Three values learnt in Ramadhan: Humility, Contentment & Spirituality

Ramadhan is a month of fasting, abstention, frugality and simplicity. This thirty-day long exercise teaches how to control our desires (Nafs), refine the ego and tame the beastly tendencies of anger and selfishness. If we can achieve these, we are winners, we will be content and masters of our ego. Some may think Ramadhan is about weakening us, yes in the sense of subduing animalistic tendencies it weakens them, but on the other hand, it strengthens our angelic qualities of patience, kindness, generosity, forgiveness and gratitude. As we approach the end of the month it’s time to assess what we have got. I experienced humility, contentment and spirituality. Has that dampened my ambitions to be successful in life? Let me clarify this claim.

Sulayman was a powerful king but also a spiritual leader, a Prophet of Allah. He had a large kingdom but wanted an even bigger one, he had great ambitions and God blessed him. Even the Queen of Sheba came to submit herself before him. Many devout and pious Muslims shy away from displaying strength or taking on a leadership role or becoming wealthy because they believe it will undermine their spirituality. However, this is where they may be confused, due to three common misconceptions that can keep them from having great ambitions:

  1. They confuse small thinking with spirituality. Some people say, ‘I serve God in my little way.’ Why don’t you start serving Him in a bigger way? Why not let Him use you more? Other people say, ‘Well, I’m just fine the way I am. That’s the way God made me.’ It’s wrong to blame God for your lack of growth because He has provided all the tools and ideas you need to grow. The bottom line is think big or you’ll get in God’s way! The question for you is what can you do in a big way to serve the Mighty Lord? You may already be doing a few small projects, think of how you could help the needy and the poor in a bigger way.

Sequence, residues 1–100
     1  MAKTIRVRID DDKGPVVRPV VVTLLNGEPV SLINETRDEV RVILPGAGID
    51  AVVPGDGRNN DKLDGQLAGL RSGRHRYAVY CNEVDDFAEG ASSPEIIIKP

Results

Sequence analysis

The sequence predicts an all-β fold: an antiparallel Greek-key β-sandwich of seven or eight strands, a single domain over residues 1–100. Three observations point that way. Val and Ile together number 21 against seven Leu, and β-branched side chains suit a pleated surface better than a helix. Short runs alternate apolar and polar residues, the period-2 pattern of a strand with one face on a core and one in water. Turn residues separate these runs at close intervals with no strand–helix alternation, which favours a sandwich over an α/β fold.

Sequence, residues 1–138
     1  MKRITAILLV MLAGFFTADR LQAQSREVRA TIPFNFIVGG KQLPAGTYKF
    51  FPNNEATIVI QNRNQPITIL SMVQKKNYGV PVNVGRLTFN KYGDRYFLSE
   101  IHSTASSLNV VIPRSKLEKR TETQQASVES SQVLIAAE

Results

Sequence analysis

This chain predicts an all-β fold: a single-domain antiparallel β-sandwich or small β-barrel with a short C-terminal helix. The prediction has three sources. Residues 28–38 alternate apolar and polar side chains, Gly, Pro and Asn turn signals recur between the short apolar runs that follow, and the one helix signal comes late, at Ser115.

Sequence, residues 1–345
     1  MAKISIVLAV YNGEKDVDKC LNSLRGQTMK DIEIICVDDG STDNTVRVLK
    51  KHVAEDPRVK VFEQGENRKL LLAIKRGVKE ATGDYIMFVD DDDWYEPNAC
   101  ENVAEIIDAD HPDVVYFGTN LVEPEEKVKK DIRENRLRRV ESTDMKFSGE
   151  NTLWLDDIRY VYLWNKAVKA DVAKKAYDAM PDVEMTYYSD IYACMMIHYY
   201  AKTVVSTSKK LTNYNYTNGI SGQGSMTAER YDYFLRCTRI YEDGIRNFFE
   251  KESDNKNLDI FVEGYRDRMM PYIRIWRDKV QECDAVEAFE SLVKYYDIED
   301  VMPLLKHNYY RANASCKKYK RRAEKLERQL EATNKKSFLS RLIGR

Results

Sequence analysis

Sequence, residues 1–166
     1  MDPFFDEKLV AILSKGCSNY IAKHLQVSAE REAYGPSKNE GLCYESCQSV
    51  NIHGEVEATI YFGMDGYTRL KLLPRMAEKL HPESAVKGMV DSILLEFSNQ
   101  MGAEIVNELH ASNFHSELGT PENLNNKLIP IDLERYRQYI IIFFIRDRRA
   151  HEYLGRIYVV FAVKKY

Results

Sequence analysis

2. They confuse fear with humility. We say, ‘Oh, I could never do that,’ and think we’re being humble. But that’s not humility. That’s fear; that’s lack of faith. A truly humble person would say, ‘With God’s help I can do it. With God’s blessings, I will do it. I may not be able to do it on my own, but with God’s help I can.’ That’s real humility. Humility is an accurate assessment of one’s potential. Your potential is massive, neuroscientists believe that the most intelligent people only use about 10% of their potential intelligence, 90% remains dormant. An average person might be using only 5%! So, you see Allah has blessed us with so much. The experience of Ramadhan should embolden us to go further.
  3. They confuse laziness with contentment. We quote Paul: ‘I have learned to be content whatever the circumstances’ (Philippians 4:11). But this doesn’t mean that you shouldn’t set goals. He wasn’t saying, ‘I don’t have any ambitions or future.’ Just the opposite, in fact! He had great dreams for his newly adopted religion. Ramadhan will have opened many hidden vistas, stirred the imagination and encouraged ambitions. How to bring the material and spiritual together, after all, Islam forbids asceticism and abandoning the world. The prayer of the pious is “Our Lord, grant us in this world what is good and in the Hereafter what is good and protect us from the torment of the Fire.” If you don’t have a dream or a goal, ask God for one.

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